Theodore Roosevelt (1858–1919). Theodore Roosevelt’s Letters to His Children. 1919.

Novels and Games

White House, November 19, 1905.

I sympathize with every word you say in your letter, about Nicholas Nickleby, and about novels generally. Normally I only care for a novel if the ending is good, and I quite agree with you that if the hero has to die he ought to die worthily and nobly, so that our sorrow at the tragedy shall be tempered with the joy and pride one always feels when a man does his duty well and bravely. There is quite enough sorrow and shame and suffering and baseness in real life, and there is no need for meeting it unnecessarily in fiction. As Police Commissioner it was my duty to deal with all kinds of squalid misery and hideous and unspeakable infamy, and I should have been worse than a coward if I had shrunk from doing what was necessary; but there would have been no use whatever in my reading novels detailing all this misery and squalor and crime, or at least in reading them as a steady thing. Now and then there is a powerful but sad story which really is interesting and which really does good; but normally the books which do good and the books which healthy people find interesting are those which are not in the least of the sugar-candy variety, but which, while portraying foulness and suffering when they must be portrayed, yet have a joyous as well as a noble side.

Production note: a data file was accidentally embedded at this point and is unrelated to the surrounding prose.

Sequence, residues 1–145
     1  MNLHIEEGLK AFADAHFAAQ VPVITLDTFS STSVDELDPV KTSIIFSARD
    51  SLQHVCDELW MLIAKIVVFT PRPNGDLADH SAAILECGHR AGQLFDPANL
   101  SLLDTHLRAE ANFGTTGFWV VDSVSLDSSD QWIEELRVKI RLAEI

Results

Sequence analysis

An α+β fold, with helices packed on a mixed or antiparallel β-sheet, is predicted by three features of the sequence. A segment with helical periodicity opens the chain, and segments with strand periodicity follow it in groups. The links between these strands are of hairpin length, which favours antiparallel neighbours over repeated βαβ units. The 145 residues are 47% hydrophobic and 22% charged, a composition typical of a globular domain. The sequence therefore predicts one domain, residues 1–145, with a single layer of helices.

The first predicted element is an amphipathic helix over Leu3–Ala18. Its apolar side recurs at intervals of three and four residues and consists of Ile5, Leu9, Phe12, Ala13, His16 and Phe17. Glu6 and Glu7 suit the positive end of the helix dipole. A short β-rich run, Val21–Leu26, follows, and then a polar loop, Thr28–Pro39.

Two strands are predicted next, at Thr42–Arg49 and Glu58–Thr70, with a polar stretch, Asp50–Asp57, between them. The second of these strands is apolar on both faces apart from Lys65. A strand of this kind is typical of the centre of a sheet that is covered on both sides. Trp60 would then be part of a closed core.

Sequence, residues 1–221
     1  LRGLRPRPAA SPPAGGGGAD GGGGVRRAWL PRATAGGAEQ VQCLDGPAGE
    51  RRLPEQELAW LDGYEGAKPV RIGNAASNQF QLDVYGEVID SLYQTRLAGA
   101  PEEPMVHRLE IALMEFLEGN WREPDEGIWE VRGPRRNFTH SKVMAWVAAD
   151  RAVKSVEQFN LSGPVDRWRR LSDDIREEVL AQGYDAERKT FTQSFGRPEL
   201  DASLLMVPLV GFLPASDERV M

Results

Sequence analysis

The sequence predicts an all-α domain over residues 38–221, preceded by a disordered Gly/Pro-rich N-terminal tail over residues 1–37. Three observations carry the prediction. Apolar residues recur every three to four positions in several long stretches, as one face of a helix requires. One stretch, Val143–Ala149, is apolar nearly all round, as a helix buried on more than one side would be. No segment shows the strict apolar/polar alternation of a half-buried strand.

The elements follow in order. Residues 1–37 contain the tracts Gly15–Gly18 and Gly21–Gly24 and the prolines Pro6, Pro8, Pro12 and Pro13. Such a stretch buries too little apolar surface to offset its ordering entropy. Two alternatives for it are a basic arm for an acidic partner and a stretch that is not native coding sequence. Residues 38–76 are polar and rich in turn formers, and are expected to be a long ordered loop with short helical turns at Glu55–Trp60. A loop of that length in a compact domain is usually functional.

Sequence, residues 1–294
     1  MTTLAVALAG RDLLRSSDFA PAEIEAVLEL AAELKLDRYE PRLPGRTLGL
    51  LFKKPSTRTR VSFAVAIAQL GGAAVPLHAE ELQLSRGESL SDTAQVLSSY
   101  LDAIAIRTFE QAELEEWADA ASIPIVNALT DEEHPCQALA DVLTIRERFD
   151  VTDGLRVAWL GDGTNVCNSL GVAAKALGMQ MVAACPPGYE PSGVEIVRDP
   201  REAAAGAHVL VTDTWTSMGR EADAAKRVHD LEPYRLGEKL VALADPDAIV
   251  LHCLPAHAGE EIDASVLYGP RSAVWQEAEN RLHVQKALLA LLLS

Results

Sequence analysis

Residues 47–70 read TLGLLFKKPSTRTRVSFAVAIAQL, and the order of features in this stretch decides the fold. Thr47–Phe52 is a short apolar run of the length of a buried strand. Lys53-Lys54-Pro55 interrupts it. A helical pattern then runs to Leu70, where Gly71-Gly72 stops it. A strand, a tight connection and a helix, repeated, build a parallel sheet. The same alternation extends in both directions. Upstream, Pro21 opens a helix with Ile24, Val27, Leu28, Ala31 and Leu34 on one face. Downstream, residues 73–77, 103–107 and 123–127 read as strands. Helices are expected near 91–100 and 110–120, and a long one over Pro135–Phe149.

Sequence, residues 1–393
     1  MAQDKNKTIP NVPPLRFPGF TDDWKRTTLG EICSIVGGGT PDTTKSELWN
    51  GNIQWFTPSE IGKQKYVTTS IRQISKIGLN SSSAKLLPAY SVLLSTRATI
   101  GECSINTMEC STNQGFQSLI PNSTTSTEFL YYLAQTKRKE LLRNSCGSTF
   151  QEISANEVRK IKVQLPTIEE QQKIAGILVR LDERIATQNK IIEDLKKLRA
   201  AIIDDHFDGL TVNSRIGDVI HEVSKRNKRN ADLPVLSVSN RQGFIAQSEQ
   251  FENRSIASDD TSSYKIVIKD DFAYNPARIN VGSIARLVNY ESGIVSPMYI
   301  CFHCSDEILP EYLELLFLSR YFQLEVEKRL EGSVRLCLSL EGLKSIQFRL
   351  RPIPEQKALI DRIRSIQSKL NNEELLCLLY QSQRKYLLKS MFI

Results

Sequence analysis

We have had a very mild and open fall. I have played tennis a good deal, the French Ambassador being now quite a steady playmate, as he and I play about alike; and I have ridden with Mother a great deal. Last Monday when Mother had gone to New York I had Selous, the great African hunter, to spend the day and night. He is a perfect old dear; just as simple and natural as can be and very interesting. I took him, with Bob Bacon, Gifford Pinchot, Ambassador Meyer and Jim Garfield, for a good scramble and climb in the afternoon, and they all came to dinner afterwards. Before we came down to dinner I got him to spend three-quarters of an hour in telling delightfully exciting lion and hyena stories to Ethel, Archie and Quentin. He told them most vividly and so enthralled the little boys that the next evening I had to tell them a large number myself.

To-day is Quentin’s birthday and he loved his gifts, perhaps most of all the weest, cunningest live pig you ever saw, presented him by Straus. Phil Stewart and his wife and boy, Wolcott (who is Archie’s age), spent a couple of nights here. One afternoon we had hide-and-go-seek, bringing down Mr. Garfield and the Garfield boys, and Archie turning up with the entire football team, who took a day off for the special purpose. We had obstacle races, hide-and-go-seek, blind-man’s buff, and everything else; and there were times when I felt that there was a perfect shoal of small boys bursting in every direction up and down stairs, and through and over every conceivable object.

Mother and I still walk around the grounds every day after breakfast. The gardens, of course, are very, very dishevelled now, the snap-dragons holding out better than any other flowers.